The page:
At Scarlet Tea Room and Fine Dining, the tea services represent both a treasured English tradition and a modern form of celebration. Here, groups gather beneath a chandelier flecked with vibrant red accents to indulge in five-course meals. Their loose-leaf steeped beverages—which range from a sweet and lemony French verveine to a smoky Chinese lapsang souchong—complement a selection of bite-size desserts and light sandwiches stuffed with savory fillings such as prosciutto, aged white cheddar, and sun-dried-tomato spread. The afternoon tea service also includes housemade scones and berries romanoff, a fruity dessert served in a dark-chocolate cup.
On Friday and Saturday evenings, the award-winning kitchen staff prepares small plates of shareable dinner fare such as grilled skirt steak with marinated mushrooms, sautéed gnocchi with walnut-arugula pesto, and Fijian kingfish crudo with grapefruit and green papaya. To celebrate special occasions, such as Valentine's Day or Father's Day, diners can order specialty cakes for pickup or visit the dining room for a romantic concert or saucy burlesque performance by Queen Elizabeth.
Chefs at redwhite+bluezz sling exceptionally tasty salads, soups, entrees, and desserts forged from creative ingredients and accented with upscale libations. The luxurious menu unleashes contemporary influences upon classic recipes, such as a starter of fondue kicked into the 21st century by a squad of lobster, spinach, artichoke hearts, fontina, and sliced baguette ($14). Main courses flank the all-American meatiness of a buffalo rib eye with pommes lyonnaise, burrata and tomato gratin ($32) and hide vegetarian surprises such as pumpkin gnocchi served with roasted spaghetti squash and a pool of pistachio buerre noisette ($21). Quell sweet teeth clamoring for attention with unshareable desserts such as the vineyard-inspired cookie-mousse Eton Mess ($7).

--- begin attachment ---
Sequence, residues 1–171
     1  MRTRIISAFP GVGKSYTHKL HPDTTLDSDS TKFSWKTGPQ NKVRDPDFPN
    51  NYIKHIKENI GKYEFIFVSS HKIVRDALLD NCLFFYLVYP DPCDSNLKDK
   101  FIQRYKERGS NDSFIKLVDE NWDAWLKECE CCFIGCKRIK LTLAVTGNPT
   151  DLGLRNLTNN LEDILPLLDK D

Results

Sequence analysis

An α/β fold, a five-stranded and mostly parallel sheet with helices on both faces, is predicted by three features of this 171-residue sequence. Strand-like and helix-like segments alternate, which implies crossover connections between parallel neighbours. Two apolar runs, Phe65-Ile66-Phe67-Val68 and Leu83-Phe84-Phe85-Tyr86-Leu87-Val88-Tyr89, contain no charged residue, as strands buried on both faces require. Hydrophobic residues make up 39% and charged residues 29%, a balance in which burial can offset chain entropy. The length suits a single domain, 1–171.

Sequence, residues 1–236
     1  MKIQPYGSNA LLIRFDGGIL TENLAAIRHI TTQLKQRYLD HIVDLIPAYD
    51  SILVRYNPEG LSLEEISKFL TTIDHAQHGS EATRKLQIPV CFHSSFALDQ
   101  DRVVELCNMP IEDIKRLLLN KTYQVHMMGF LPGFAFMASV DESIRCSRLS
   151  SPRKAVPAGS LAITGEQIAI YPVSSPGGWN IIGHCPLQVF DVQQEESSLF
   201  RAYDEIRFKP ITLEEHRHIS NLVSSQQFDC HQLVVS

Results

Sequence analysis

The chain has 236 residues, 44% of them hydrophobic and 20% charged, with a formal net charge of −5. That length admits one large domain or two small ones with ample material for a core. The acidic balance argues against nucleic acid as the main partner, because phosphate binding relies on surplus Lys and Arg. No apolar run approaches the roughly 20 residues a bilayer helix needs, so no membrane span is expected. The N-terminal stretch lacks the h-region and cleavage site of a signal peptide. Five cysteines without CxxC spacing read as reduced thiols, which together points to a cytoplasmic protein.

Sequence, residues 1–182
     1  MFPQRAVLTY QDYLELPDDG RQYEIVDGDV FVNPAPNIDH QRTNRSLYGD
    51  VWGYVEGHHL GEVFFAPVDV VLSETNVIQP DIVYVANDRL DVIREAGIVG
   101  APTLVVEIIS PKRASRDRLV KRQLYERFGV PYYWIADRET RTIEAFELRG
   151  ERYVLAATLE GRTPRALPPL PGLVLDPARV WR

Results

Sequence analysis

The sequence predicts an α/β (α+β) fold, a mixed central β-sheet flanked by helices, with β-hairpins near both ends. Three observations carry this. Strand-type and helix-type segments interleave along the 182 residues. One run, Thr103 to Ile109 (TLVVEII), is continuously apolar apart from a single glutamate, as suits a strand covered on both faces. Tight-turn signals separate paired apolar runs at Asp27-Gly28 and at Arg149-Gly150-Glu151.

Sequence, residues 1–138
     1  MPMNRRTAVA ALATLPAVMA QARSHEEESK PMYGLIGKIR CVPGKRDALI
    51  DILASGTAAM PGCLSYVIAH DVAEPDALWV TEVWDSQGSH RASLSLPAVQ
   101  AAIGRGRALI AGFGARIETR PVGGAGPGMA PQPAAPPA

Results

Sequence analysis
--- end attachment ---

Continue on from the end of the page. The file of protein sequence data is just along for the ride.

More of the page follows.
Most gyms don't limit their membership enrollment, which is why Meridian's Bodies in Motion does. By managing their member count, the workout areas are less crowded and visitors can step right up to machines without wasting precious calorie-burning minutes waiting in line. The staff can focus on keeping the facility clean and getting acquainted with clients, adding personal touches such as greeting members by name every time they enter and swipe their membership card, which means "hello" in several languages.
At each facility, a team of certified fitness instructors encourages exercise efforts during an array of group classes, including Zumba, spin, yoga, Pilates, kickboxing, and cross-training. The certified personal trainers devise customized workout routines and monitor exercisers' forms as they carve muscles lifting free weights and slim down on cardio and strength-training equipment from Icarian, Hammer Strength, Precor, and FreeMotion. Special features—such as racquetball courts, swimming pools, saunas, indoor basketball courts, boxing rings, childcare, and cuddly kitten pits—vary depending on location.